Vendors such as Motorola[84] and Lenovo[85] delayed deployment of their tablets until after 2011, when Android was reworked to include more tablet features.[86] Android 3.0 (Honeycomb) and later versions support larger screen sizes, mainly tablets, and have access to the Google Play service. Android includes operating system, middleware and key applications.

Other vendors sell customized Android tablets such as Nook and Kindle Fire, which are used to consume mobile content and provide their own app store, rather than using the larger Google Play system, thereby fragmenting the Android market.[87]

Google introduced the Nexus 7 and Nexus 10 tablets in 2012. Hardware makers that have shipped Android tablets include Acer, Asus, Samsung, Toshiba and Sony.[88]

BlackBerry LogoBlackberry OS

The BlackBerry PlayBook is a tablet computer announced in September 2010 that runs the BlackBerry Tablet OS.[89] The OS is based on the QNX system that Research in Motion acquired in early 2010. Delivery to developers and enterprise customers was expected in October 2010. The BlackBerry PlayBook was officially released to US and Canadian consumers on April 19, 2011.

iOS LogoiOS

The iPad in a case running the YouTube app.

The iPad runs iOS, which was created for the iPhone and iPod Touch. Although built on the same underlying Unix implementation as MacOS, its user interface is radically different. iOS is designed for fingers and has none of the features that required a stylus on earlier tablets. Apple introduced multi-touch gestures, such as moving two fingers apart or together to zoom in or out, also known as “pinch to zoom”.[90] iOS is built for the ARM architecture.[91]

Modbook LogoModbook

Previous to the iPad, Axiotron introduced[92] an aftermarket, heavily modified Apple MacBook called Modbook, a Mac OS X-based tablet personal computer. The Modbook uses Apple’s Inkwell for handwriting and gesture recognition, and uses digitization hardware from Wacom. To get Mac OS X to talk to the digitizer on the integrated tablet, the Modbook is supplied with a third-party driver called TabletMagic; Wacom does not provide driver support for this device. Another predecessor to the iPad was the Apple MessagePad introduced in 1993.

Linux LogoLinux

The ProGear by FrontPath was an early implementation of a Linux tablet that used a Transmeta chip and a resistive digitizer. The ProGear initially came with a version of Slackware Linux, and later with Windows 98. They can run many operating systems. However, the device is no longer for sale and FrontPath has ceased operations. Many touch screen sub-notebook computers can run any of several Linux distributions with little customization. now supports screen rotation and tablet input through Wacom drivers, and handwriting recognition software from both the Qt-based Qtopia and GTK+-based Internet Tablet OS provide open source systems. KDE‘s Plasma Active is a graphical environment for tablet.[93]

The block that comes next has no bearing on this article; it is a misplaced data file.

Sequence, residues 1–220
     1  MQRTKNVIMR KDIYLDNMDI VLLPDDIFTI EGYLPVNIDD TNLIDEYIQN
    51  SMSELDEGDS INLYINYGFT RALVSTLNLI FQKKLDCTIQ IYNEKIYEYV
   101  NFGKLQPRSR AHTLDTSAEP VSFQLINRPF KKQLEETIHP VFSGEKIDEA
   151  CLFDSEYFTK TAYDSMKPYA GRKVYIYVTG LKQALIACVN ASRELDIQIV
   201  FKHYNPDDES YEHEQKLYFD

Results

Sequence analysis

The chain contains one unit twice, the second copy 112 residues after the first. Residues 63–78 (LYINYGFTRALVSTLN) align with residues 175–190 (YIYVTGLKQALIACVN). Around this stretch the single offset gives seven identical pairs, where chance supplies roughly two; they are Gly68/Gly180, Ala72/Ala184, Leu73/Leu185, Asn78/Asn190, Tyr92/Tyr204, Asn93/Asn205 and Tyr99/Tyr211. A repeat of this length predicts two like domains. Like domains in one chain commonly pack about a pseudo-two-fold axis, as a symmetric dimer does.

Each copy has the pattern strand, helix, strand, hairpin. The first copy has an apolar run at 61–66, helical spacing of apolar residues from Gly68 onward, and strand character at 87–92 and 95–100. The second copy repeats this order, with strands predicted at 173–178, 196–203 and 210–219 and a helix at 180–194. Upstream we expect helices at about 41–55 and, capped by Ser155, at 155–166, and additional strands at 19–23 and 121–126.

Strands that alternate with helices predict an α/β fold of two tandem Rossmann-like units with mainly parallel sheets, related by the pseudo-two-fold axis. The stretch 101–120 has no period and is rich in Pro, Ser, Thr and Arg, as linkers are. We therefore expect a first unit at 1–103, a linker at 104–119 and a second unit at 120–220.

Linux open source note taking software includes Xournal (which supports PDF file annotation), Gournal (a Gnome based note taking application), and the Java-based Jarnal (which supports handwriting recognition as a built-in function). A standalone handwriting recognition program, CellWriter, requires users to write letters separately in a grid.

Many desktop distributions include tablet-friendly interfaces smaller devices. These open source libraries are freely available and can be run or ported to devices that conform to the tablet PC design. Maemo (rebranded MeeGo in 2010), a Debian Linux based user environment, was developed for the Nokia Internet Tablet devices (770, N800, N810 & N900). It is currently in generation 5, and has many applications. Ubuntu uses the Unity UI, and many other distributions (such as Fedora) use the Gnome shell (which also supports Ubuntu).

Canonical has hinted that Ubuntu will be available on tablets by 2014.[94][dated info]TabletKiosk was the first to offer a hybrid digitizer / touch device running openSUSE Linux.

Maemo and Moblin

Nokia entered the tablet space in May 2005 with the Nokia 770 running Maemo, a Debian-based Linux distribution custom-made for their Internet tablet line. The product line continued with the N900, with phone capabilities. The user interface and application framework layer, named Hildon, was an early instance of a software platform for generic computing in a tablet device intended for internet consumption.[95] But Nokia didn’t commit to it as their only platform for their future mobile devices and the project competed against other in-house platforms and later replaced it with the Series 60.[96]